Kupelian: Elkington back from sabbatical, adjusting to Tour lifetext sizeSteve Elkington, pictured at the 2002 British Open, is no stranger to wild weather.April 19, 2013
By Vartan Kupelian, PGATOUR.COM Correspondent
DULUTH, Ga. – The forecast for the opening round of the Greater Gwinnett Championship wasn’t very good. It proved to be accurate. Severe storms moved into the area, forced a delay and eventually pushed back Friday’s start time for the new Champions Tour event by four hours.
Steve Elkington didn’t mind. He knows all about how fickle weather can be and the kind of impact it can have on a golf tournament.
Flashback to the 2002 British Open at Muirfield, which this year will again be host for the venerable championship. Tiger Woods was chasing golf’s elusive Grand Slam after victories at the Masters and the U.S. Open. But Mother Nature wasn’t going to let it happen.
Elkington opened with rounds of 71-73 and adjourned to a favorite watering hole in nearby North Berwick, home of one of the world’s great, underrated courses.
“There is a place called the Auld Hoos in North Berwick,” said Elkington, the Aussie, embellishing a Scottish accent. “If you go there now, the same people are probably sitting at the bar as they were 10 years ago.
“It sits just above the harbor. It is so old that they still have stone gates that open manually to let boats in and out. At the end of the bar there’s a guy with a silver jug they leave there for him. The harbormaster looks like one of the guys on 'Duck Dynasty.'
“The harbormaster pulls me aside – he could tell the weather from the current - and says, ‘I’m telling you it is going to be (awful).’”
The next morning, Elkington went out early, shot 68 – Saturday’s best round - and returned to the pub.
As predicted by the harbormaster, by 1 p.m. Saturday at Muirfield, an enormous cloud was looming. With it came high winds measuring 30 mph and a wind-chill factor of 40. Just as Woods was teeing off, a vengeful, chilling weather front cut through Muirfield like a saber. The rain began to fall and continued unmercifully for the next four hours. Umbrellas were useless. Rain gear was superfluous. “It was basically survival out there,” Nick Price said that day.
Elkington, with his morning tee time, was a survivor. Woods, tied for ninth after 36 holes, shot 81, no longer to appear on the leaderboard. After his round, Elkington returned to the Auld Hoos.
“I went in the back to have a sleep in the back of the Auld Hoos,” he said. “The weather was so bad outside, guys were crawling on hands and knees trying to get into the pub … and watching me (on television) go from 40 to 30 to 20 to 10 and into the top five with that weather.”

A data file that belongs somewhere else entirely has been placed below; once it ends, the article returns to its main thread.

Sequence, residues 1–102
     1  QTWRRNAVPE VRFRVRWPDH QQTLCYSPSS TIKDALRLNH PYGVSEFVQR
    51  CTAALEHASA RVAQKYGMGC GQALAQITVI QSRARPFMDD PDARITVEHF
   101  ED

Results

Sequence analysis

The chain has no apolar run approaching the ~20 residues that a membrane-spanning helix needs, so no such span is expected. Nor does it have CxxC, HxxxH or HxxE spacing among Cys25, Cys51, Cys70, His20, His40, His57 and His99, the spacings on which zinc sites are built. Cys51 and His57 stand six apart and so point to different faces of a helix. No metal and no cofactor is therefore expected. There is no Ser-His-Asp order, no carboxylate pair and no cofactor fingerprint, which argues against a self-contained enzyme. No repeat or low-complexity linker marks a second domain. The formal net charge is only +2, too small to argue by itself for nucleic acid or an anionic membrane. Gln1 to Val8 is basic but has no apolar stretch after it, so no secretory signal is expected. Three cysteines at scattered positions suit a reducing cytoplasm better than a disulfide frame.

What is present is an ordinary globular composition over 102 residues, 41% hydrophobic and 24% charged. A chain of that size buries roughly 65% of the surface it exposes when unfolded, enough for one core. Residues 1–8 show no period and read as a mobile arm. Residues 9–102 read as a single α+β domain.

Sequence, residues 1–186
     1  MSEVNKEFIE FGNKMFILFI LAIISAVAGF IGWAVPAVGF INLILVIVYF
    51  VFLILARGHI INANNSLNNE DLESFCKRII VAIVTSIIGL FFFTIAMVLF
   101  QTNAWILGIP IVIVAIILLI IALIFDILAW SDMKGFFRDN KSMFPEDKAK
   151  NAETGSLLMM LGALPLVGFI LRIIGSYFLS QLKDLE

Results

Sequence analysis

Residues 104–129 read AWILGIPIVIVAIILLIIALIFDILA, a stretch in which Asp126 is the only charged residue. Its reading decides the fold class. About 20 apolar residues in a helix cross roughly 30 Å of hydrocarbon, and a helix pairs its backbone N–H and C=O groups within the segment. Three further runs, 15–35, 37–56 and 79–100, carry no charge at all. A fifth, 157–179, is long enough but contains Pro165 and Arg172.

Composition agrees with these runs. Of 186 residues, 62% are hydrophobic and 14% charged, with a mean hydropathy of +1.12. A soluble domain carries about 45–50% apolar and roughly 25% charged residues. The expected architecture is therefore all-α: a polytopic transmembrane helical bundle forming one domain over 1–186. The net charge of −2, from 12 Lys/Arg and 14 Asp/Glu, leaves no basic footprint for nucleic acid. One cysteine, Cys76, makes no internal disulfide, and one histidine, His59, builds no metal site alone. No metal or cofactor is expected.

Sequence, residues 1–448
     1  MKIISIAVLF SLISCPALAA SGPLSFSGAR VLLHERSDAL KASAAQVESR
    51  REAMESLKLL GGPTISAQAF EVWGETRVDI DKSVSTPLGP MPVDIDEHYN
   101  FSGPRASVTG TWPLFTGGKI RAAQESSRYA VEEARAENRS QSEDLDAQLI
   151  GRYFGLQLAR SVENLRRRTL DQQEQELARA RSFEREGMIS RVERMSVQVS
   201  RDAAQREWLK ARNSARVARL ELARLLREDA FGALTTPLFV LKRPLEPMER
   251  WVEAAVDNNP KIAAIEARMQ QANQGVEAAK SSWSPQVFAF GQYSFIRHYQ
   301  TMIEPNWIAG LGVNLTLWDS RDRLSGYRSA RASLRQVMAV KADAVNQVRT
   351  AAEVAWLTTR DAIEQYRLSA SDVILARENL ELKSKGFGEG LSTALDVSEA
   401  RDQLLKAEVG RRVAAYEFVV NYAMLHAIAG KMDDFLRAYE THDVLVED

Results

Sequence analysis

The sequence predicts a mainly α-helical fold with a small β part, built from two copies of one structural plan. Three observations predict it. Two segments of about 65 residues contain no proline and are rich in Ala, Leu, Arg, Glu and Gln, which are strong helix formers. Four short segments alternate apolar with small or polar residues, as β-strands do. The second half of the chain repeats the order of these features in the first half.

Suddenly and quite unexpectedly in contention, Elkington shot a final-round 66 to finish in a four-way tie with Ernie Els, Thomas Levet and Stuart Appleby. Els won the playoff, which required the mandatory three holes plus two more sudden-death holes against Levet before Els was handed the Claret Jug.
“That was a great break which has happened to everyone,” Elkington said. “Probably the hardest course in the rotation over there. I was pretty unlucky to lose it. They split us up (in twosomes) for the playoff. Made it up on the spot. Didn’t know what to do. That couldn’t happen again.”
Elkington is enjoying a solid rookie season on the Champions Tour. He has three top 10s in five starts, including back-to-back top 10s at the Toshiba Classic and Mississippi Gulf Resort Classic in the last two events. He’s been looking forward to the Greater Gwinnett Championship. TPC Sugarloaf is the design of his buddy, Greg Norman.
“It’s the first Champions Tour event I get to play on a course that I know,” he said. “I feel better coming in here. Maybe I’ll have a slight advantage.”
In the weather-delayed first round, Elkington is even par through 14 holes. He'll finish his round on Saturday morning.
Elkington took a sabbatical to prepare for the Champions Tour. The decision to take time off was “strictly by choice,” he said.
“I wanted to have a break on the PGA TOUR, I wanted to be energized, I didn’t want to just roll into it,” he said. “I wanted to have a lot of energy coming into it. So I’m thankful I was in a position to be able to do that.”
The time off had mixed results on his golf game. His driving has been “unreal” but not his short game.
“The short game has been pretty pitiful,” he said. “I’m focusing a fair bit of time on that and it’s getting better. I’ve got a handle on it now.”
Elkington knows the formula for success in the 54-hole format of Champions Tour events.
“It’s 5-5-5,” he said. “No matter what tournament you’re talking about, that’s the focus – 15-under-par. There is a sense of urgency. If you can bite off an 8-under you can get a real good run out here.
“I told my wife and kid I’ve gotta kind of retool my deal here. I knew there would be golf carts, some hit-and-giggles. These guys are focused with the right attitude. The stress is gone out of a lot of these guys’ faces. There’s no cut, they know they’re all here for the weekend, they can attack the course as much as they want.”
But with Mother Nature, they still need to be patient.